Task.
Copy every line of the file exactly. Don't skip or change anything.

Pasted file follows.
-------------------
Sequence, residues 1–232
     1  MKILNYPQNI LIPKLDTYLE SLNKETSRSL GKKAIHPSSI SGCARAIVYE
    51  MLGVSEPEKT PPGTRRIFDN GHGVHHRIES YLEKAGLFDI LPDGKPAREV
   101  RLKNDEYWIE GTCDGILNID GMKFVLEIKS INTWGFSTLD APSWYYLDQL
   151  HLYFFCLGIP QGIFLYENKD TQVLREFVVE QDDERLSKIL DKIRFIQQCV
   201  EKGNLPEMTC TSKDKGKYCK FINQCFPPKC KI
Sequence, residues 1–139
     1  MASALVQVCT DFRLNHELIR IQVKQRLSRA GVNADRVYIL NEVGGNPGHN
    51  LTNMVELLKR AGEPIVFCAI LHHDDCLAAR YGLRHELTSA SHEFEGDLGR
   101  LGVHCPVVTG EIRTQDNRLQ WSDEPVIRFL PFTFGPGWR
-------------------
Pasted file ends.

Sequence, residues 1–232
     1  MKILNYPQNI LIPKLDTYLE SLNKETSRSL GKKAIHPSSI SGCARAIVYE
    51  MLGVSEPEKT PPGTRRIFDN GHGVHHRIES YLEKAGLFDI LPDGKPAREV
   101  RLKNDEYWIE GTCDGILNID GMKFVLEIKS INTWGFSTLD APSWYYLDQL
   151  HLYFFCLGIP QGIFLYENKD TQVLREFVVE QDDERLSKIL DKIRFIQQCV
   201  EKGNLPEMTC TSKDKGKYCK FINQCFPPKC KI
Sequence, residues 1–139
     1  MASALVQVCT DFRLNHELIR IQVKQRLSRA GVNADRVYIL NEVGGNPGHN
    51  LTNMVELLKR AGEPIVFCAI LHHDDCLAAR YGLRHELTSA SHEFEGDLGR
   101  LGVHCPVVTG EIRTQDNRLQ WSDEPVIRFL PFTFGPGWR